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Jewish World Review Jan. 9, 20012 /25 Teves 5762

Dave Shiflett

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Send us huddling predators -- THOSE of us with pronounced powers of empathy have been deeply touched by New York Press writer John Strausbaugh, who recently instructed the Grief Industry to shove it. His complaint, which resonates deeply, is that the cry-on-cue crowd should can their street-corner weeping over the 9/11 attacks. Quite so. These wet-cheeked spotlight-chasers are yet another type of moral streaker, boldly standing against mass murder. They desire our praise, but a flogging would suit them better.

Our empathy does not end there. We are also touched by the fact that savvy New Yorkers recognize that their courts are not up to the job of bringing justice to the people who committed mass murder in Manhattan. This is a bitter truth, but an undeniable one. If justice is to be done, suspects must be sent south — to Virginia, where we still know something about settling scores in a reasonable and, when necessary, fatal way.

And so, the other day, Zacarias Moussaoui faced arraignment in a northern Virginia courtroom for his alleged role in the September slaughters (which included, to be sure, the Pentagon attack). Moussaoui was asked to enter a plea and instead praised Allah. Because the Old Dominion is still wedded to notions of fair play, a "not guilty" plea was entered on his behalf. Meanwhile, the Boston Globe reports that Richard C. Reid, who apparently hoped to bring down an airliner with a shoe bomb — and who, according to the Washington Post, had phone conversations with Moussaoui in late 2000 — may end up in the same court. Some of us are hoping that John Walker, formerly of Marin County, will also make an appearance, for the hat trick.

Why Virginia? Because, as several analysts have pointed out, the guilty are much less likely to slip the noose than they would be in New York or Boston (where Reid is in custody). Short of a military tribunal — which should be handling these cases — Virginia's the next best thing. Our ''rocket docket'' expedites trials, after which our famed Fourth Circuit Court of Appeals takes over. The motto of that court is, "Abandon your Twinkies, all who enter here." Our justices brook little legal babbling. A Columbia University study shows that last year, the Fourth Circuit overturned 15 percent of the death sentences it reviewed — as versus 40 percent nationwide.

And death is the crux of the matter. Virginia juries will sentence deserving criminals to death, and our executioners will do their job with understated nobility.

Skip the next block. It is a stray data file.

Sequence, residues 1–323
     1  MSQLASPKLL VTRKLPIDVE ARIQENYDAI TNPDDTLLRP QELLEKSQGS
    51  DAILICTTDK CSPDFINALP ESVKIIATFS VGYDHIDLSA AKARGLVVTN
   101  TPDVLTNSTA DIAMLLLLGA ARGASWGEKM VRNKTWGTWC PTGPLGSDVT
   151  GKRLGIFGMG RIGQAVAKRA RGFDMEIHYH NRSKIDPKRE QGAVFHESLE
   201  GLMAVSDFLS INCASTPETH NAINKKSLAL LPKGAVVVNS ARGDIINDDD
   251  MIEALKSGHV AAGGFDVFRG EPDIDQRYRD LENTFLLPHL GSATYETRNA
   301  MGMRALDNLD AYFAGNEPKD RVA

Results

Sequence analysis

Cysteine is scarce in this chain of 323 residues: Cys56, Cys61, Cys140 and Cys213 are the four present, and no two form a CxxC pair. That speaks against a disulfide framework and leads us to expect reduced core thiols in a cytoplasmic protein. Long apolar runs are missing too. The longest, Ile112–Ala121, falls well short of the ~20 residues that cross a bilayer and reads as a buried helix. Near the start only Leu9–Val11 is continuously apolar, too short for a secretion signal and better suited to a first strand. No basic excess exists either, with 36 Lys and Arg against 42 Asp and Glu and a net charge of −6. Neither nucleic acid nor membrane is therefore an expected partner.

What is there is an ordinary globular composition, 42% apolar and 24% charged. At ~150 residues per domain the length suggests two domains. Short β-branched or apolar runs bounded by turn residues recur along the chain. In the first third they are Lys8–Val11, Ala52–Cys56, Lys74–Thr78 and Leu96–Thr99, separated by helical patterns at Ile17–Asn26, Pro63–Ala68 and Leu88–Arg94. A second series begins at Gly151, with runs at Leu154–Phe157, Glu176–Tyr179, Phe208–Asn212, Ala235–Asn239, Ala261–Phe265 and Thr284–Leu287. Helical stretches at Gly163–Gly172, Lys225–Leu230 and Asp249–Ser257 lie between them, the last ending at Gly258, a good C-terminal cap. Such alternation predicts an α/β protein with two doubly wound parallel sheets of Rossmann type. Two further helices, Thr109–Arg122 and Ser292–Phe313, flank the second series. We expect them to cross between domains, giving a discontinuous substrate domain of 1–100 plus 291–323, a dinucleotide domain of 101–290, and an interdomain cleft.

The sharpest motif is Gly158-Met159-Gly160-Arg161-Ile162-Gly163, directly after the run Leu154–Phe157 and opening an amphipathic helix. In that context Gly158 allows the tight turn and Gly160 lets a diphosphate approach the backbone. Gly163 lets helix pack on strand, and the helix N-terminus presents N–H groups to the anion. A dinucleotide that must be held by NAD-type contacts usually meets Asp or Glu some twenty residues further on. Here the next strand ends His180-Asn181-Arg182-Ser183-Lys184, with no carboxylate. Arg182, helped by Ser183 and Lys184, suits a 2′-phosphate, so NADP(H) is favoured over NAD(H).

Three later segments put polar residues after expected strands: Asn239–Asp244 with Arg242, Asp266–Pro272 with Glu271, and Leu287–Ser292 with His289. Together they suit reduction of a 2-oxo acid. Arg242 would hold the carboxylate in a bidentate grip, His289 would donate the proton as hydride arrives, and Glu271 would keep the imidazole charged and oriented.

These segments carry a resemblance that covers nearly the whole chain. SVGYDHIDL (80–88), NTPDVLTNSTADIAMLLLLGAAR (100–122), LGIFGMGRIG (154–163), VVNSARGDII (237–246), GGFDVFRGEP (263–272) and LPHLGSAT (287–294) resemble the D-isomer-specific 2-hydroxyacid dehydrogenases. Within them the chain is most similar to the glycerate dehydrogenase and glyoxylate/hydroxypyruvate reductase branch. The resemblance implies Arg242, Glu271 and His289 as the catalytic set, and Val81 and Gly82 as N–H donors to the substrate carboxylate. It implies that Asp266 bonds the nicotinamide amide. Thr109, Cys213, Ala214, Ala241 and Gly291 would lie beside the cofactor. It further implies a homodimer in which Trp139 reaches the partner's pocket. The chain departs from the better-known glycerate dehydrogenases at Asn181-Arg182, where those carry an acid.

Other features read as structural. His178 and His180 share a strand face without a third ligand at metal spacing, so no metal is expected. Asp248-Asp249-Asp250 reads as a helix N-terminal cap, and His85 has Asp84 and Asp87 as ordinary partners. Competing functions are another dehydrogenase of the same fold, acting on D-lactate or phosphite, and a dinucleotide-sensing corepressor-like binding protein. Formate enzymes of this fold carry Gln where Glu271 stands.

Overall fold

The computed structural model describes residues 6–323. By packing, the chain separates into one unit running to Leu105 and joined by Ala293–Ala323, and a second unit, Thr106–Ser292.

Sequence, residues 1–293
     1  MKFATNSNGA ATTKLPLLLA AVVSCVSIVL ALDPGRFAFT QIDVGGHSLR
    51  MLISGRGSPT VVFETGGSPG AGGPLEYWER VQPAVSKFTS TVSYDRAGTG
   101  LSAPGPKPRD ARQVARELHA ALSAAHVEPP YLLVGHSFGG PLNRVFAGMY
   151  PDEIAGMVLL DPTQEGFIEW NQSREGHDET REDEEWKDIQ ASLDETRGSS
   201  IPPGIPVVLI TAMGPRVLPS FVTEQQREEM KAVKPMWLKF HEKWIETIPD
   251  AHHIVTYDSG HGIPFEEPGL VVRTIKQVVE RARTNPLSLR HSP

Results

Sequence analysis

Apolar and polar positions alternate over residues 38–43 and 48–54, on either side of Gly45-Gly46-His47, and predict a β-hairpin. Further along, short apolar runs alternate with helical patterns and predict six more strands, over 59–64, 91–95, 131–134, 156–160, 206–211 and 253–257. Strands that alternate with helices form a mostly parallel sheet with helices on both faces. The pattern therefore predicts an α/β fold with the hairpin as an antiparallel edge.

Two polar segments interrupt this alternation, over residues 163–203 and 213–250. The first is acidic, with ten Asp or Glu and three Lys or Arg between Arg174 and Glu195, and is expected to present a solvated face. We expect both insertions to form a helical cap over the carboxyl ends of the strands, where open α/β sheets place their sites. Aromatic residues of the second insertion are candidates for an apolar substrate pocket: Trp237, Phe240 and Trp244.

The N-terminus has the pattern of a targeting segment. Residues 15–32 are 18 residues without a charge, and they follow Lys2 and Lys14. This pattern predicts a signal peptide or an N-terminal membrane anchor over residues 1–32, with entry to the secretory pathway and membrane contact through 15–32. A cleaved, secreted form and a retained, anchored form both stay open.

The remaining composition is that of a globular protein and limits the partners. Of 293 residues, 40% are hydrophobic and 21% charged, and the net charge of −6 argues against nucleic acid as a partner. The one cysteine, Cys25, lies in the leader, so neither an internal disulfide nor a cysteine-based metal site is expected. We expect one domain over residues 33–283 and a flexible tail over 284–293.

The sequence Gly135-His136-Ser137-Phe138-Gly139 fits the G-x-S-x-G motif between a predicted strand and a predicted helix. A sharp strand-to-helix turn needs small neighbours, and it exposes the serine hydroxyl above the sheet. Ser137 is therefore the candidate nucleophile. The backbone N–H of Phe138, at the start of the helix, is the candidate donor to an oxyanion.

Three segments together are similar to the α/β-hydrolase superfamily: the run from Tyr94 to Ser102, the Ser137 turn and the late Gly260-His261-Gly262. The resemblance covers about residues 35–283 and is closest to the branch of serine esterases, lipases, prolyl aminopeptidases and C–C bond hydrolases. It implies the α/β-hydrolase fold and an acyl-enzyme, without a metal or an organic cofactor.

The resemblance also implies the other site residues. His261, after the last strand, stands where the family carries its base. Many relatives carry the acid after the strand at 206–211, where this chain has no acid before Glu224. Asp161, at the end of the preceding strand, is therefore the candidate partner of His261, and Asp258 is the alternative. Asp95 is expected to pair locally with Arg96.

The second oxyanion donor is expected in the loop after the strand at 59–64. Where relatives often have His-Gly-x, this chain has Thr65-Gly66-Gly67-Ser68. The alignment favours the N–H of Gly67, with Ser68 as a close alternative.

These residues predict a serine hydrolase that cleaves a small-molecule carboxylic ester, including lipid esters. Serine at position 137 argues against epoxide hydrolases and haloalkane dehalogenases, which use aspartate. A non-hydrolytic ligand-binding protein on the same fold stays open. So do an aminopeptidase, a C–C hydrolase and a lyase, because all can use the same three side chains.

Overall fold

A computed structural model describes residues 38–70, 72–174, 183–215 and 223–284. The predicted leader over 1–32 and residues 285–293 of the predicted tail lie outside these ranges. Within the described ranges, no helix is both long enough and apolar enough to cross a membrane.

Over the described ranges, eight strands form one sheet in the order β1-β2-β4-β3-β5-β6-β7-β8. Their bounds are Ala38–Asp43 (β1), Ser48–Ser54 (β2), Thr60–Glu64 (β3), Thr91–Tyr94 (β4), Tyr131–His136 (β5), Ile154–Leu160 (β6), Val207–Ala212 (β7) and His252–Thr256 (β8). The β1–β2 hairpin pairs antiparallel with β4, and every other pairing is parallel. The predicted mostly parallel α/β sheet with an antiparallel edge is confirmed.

To be sure, Virginia doesn't kill nearly as many criminals as some of our competitors do. The Washington Post refers editorially to "Virginia's hyperactive death chamber" even though we only executed a couple of criminals last year, whereas Texas killed several times that number. Old Sparky, as our famed electric chair is known, does not get the traffic it deserves. Prosecutor requests for the ultimate sanction are usually declined.

But the fact is, Virginians will cut you but so much slack before they hang you, and if Moussaoui is guilty, he's got as much chance of surviving in Virginia as a poinsettia has surviving on the plains of Mars. We understand that killing him can hardly atone for the enormity of this crime, which is why one visionary has suggested we clone him 3,000 times and kill all his descendants. That's not going to happen, however. We don't believe in cloning down here.

But we do know that shipping a mass murderer off to prison is not justice, despite what the Post argued on its editorial page the other day: "Pressure in those cases for the death penalty may be even stronger than in routine criminal cases. It is, therefore, all the more critical to remember why capital punishment must be abolished. The death penalty doesn't deter crime — much less terrorism."

To state that the death penalty doesn't deter crime is false on its face. The condemned will never commit another crime. Besides that, we don't know what effect executions have on impressionable terrorists. We do know that Osama bin Laden and Mullah Omar are quite vocal in their demands to fight to the death — yet showed themselves entirely committed to avoiding the same. More to the point, the punishment must fit the crime as closely as possible, and execution is as close as we can get.

Virginians have always been happy to help out New Yorkers, even to the point of opening our landfills to New York's trash — which then-mayor Rudy Giuliani advised us was a glorious thing to do because New Yorkers, in his words, are "the best people." Rudy's parochialism will no doubt melt away when he decides to run for national office. Likewise, we dismiss Jimmy Breslin's empty boast:

We know how we acted in New York and doubt if it could happen anyplace else. A woman from the University of Richmond, a psychologist of the South, said, "If this was a NASCAR crowd, there would be panic."

Jimmy, my boy, your psychologist is nuts. As any fool knows, NASCAR fans pay $80 a head in the hope of seeing big crashes. These fans also recognize that the first duty of the civilized state is to protect its citizens from harm and maintain the integrity of the justice system. Mass murderers should be executed (as should petty ones). Indeed, should the executions be held at a NASCAR track, fans would pay $100 a ticket in a New York minute. Send us your huddling predators, yearning to be free. We know just what to do with them ...

JWR contributor Dave Shiflett writes from central Va. Comment by clicking here.


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© 2002, Dave Shiflett